The Decision to Wake up and LiveBy
After a few hours of Christmas shopping the other night, my husband and I went out for dinner. There was a young Japanese couple at the next table and I was drawn to watching their small child who kept looking over at me while he was waiting for his meal.
I noticed that the whole family spoke Japanese to each other, and I could tell that they had not been in Canada long because of how much trouble they had with the English language when speaking to the waitress.
When their food came, I also noticed how much trouble the parents had with the knives and forks. They were obviously uncomfortable with them and both adults used them in different ways than I had ever seen before. I realized that they were not accustomed to using these instruments for eating and how self conscious they were, even with each other about this fact.
Watching them reminded me of how scared I was to learn a new way of living. When I realized that all my coping methods were just that, only coping methods, and that if I was ever to be fully alive, I would have to get to the bottom of my mental health issues, I was frozen with fear; I was just as afraid to let go my coping methods to learn how to live a new way as I was of staying in the depths of depression and dissociation forever. I was afraid of how I would have to relate to others if I was to embrace wholeness. I was afraid of the unknown. I was afraid to stick up for myself, I was used to things the way they were, even if they were not comfortable for me. I was afraid that I would be even more deeply unhappy then I already was if I tried to learn how to live without dissociating. I was afraid to give up the long bouts of sleeping that characterized my depression. I was afraid I might have to stand up to the people in my life that disregarded me. I was afraid to own my value. My life was comfortable in a bizarre way; depression and dissociated identity disorder worked for me.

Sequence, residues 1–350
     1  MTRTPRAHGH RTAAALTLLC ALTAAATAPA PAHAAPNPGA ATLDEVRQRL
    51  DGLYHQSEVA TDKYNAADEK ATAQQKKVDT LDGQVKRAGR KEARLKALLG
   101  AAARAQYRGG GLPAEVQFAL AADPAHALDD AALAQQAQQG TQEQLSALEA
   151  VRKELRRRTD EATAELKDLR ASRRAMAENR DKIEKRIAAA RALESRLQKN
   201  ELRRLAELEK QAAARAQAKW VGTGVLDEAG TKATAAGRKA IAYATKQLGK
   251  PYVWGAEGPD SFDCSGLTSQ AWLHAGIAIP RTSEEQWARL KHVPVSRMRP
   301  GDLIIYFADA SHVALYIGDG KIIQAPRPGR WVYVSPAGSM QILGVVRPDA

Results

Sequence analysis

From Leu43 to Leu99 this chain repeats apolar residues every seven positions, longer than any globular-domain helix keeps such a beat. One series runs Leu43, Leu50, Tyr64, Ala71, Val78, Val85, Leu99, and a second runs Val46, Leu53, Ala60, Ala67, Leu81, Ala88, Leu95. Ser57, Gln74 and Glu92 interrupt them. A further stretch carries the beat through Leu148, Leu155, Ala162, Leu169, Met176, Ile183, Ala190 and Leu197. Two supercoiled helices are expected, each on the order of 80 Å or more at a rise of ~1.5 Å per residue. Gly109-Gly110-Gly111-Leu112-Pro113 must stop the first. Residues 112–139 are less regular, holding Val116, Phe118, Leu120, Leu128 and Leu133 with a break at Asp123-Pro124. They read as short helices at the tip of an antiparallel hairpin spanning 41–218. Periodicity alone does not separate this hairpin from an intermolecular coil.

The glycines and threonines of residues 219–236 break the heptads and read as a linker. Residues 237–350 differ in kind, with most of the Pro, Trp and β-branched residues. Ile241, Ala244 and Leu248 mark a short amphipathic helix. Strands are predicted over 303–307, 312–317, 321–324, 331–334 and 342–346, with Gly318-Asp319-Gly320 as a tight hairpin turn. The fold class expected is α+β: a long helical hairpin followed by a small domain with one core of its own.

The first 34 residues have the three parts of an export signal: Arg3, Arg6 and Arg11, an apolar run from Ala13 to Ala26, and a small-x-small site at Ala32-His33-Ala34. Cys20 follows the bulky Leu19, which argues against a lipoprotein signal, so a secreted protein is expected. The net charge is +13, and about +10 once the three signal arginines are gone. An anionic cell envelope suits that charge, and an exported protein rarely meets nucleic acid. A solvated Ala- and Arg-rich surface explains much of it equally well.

But just as this young couple was embracing new ways, I decided to learn new ways too. The process was long and difficult and worth every painful moment. Living in wholeness and fullness is something that I never imagined would be so fantastic. How could I imagine something that I had never experienced? How could I have ever known what I was missing?
These are the questions at the root of my passion to spread the hope of healing and wholeness to others. If you like my post, and would like to help me spread the hope, please click on the share button below and share it on your favourite sites. If you would like to post comments or ask me a question, I welcome you to click on the post title which will open a new page and reveal the comment box.